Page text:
We are doing that in the way that is most efficient for us, for us to get it up and running as quickly as possible for your team to use and leverage. [00:09:00] But that does not mean. Our goal is to train your team on how to build all this stuff. Because now we're talking about literally training a team member on how to build automation.
That that is just not a good use of time. And that's also just not what we're charging for. That's not a service that we're offering. It's taken us, you know, five, 10 years to learn this. That would be more the path of us building say a course or something of the sort. So view your internal team members as people that will likely
churn from the company. If you're the owner of the company, that's probably one of the best scenarios actually for us to be the main direct person that we're interacting with, because they're likely to not churn from the company and they can at least take this information and knowledge along with them.
But every path, every part of the way, you just need to view it as the team member that is going to be directly. Interfacing with us is likely going to leave the company. So how do you actually plan for that? And also have this in a way external [00:10:00] with a lot of thought, because it's external, we put a higher pressure on documentation.
When it's internal, there's less of a pressure on documentation. So we're already planning because most of our customers, it is not uncommon for them to have employees that leave the company. That's just part of the process. That is what we are used to seeing every one to two years. So we're already planning for that.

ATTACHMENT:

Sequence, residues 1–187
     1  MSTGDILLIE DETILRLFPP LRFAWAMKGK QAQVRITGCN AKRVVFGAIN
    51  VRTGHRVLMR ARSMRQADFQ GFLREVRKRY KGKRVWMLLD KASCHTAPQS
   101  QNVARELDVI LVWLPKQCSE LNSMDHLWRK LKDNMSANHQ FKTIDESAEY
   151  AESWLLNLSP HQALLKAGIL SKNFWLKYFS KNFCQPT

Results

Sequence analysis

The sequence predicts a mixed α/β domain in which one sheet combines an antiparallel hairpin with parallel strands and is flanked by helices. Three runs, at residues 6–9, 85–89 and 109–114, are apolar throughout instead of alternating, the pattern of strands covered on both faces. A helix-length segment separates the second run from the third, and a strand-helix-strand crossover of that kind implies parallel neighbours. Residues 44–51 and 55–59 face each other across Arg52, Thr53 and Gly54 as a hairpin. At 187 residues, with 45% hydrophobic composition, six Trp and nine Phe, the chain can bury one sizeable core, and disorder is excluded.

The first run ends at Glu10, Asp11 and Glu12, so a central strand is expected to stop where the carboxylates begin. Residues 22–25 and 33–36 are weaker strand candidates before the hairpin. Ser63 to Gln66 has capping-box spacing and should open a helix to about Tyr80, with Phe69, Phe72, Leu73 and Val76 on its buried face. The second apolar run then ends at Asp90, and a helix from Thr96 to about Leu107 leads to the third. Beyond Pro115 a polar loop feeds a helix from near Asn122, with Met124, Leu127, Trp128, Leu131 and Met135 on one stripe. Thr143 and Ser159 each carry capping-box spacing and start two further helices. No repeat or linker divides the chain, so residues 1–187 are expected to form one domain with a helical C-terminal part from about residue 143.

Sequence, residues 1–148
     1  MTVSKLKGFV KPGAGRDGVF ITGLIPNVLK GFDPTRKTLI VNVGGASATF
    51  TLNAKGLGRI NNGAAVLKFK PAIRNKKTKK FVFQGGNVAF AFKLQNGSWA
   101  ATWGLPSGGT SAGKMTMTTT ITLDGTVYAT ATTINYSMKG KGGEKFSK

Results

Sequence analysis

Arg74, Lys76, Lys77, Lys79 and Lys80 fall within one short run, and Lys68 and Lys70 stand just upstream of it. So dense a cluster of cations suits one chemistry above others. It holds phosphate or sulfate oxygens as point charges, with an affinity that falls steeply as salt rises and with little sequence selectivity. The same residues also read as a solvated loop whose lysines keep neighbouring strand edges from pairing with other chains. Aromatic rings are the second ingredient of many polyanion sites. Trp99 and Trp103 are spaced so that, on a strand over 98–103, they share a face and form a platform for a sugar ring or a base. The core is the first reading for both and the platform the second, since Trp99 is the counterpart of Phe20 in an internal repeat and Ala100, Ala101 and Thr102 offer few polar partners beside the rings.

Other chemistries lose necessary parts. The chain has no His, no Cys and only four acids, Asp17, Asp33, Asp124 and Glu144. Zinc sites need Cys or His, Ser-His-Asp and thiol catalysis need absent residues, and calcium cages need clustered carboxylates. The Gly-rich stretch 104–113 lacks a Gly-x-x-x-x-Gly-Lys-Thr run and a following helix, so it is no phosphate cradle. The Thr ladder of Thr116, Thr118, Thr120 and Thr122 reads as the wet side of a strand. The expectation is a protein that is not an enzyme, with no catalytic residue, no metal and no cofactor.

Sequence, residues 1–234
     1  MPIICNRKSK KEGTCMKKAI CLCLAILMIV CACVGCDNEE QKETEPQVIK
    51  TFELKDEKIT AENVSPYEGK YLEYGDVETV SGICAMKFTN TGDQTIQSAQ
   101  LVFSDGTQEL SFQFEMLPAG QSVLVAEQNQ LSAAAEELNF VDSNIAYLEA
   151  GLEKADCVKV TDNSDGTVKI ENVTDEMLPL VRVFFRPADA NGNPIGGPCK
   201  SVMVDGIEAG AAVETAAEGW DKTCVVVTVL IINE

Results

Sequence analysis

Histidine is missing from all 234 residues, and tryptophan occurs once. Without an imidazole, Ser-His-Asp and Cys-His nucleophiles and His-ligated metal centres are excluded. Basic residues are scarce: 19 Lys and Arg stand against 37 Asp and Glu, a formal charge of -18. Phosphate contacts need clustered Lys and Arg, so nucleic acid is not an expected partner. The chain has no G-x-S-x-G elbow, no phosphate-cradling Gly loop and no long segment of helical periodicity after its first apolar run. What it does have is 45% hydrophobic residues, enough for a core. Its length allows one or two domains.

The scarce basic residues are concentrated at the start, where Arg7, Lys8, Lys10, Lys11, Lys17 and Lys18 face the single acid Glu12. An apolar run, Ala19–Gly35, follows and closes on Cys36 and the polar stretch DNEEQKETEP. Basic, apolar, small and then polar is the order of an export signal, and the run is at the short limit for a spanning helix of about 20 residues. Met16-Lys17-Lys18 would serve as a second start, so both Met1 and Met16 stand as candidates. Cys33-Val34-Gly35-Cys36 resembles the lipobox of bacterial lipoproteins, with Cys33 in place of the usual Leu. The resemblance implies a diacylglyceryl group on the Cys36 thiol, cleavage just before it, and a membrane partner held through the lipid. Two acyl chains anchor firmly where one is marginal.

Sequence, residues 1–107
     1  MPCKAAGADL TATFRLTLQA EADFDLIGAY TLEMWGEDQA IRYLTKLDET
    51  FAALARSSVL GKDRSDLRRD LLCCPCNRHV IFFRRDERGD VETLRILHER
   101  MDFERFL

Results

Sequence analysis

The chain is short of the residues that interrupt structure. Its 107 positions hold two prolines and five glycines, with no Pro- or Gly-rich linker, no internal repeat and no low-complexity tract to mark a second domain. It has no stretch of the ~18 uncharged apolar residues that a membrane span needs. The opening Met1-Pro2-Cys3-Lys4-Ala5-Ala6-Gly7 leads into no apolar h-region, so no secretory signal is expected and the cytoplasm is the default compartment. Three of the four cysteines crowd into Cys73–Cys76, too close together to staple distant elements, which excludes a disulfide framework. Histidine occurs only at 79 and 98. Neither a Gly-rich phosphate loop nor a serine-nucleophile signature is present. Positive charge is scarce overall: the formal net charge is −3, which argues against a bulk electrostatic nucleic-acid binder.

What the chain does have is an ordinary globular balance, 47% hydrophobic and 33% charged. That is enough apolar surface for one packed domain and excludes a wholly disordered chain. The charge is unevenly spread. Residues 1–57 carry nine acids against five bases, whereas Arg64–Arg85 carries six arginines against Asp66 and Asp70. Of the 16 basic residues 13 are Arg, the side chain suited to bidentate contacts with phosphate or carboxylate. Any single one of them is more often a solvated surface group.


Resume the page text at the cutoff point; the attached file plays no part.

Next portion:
Often people are within their company are not planning for that, or they think it's not going to happen. It will happen. And when it does, it's better to be prepared for it versus having all that information. Also leave the door with that person leaving.
[00:10:37] Andra Vomir: Yeah. Cuz we see that quite a bit. And then another thing that happens is that when an employee leaves another one comes in and they may wanna implement a different software stack, which is troublesome.
That causes a shaky ground for the rest of the company.
[00:10:52] Alex Bass: Yeah, I think one of the most difficult things that we see is when there is internal churn within a company or someone role switching out or someone moving to a different role. And [00:11:00] someone going into that prior role is there's typically someone that's gonna say, Hey, In my prior job, I use this, I would like to use this and we already have systems and processes in place for the specific software at hand.
And there's often a very good reason as to why we chose the software stack that we did. And that's where we also need to be involved in any ideas and discussions of software changing internally. You need to view us as someone that is part of your team. Every decision that you are making really should be ran through us, even adding a custom field into the CRM, look at us as someone that wants to help with that.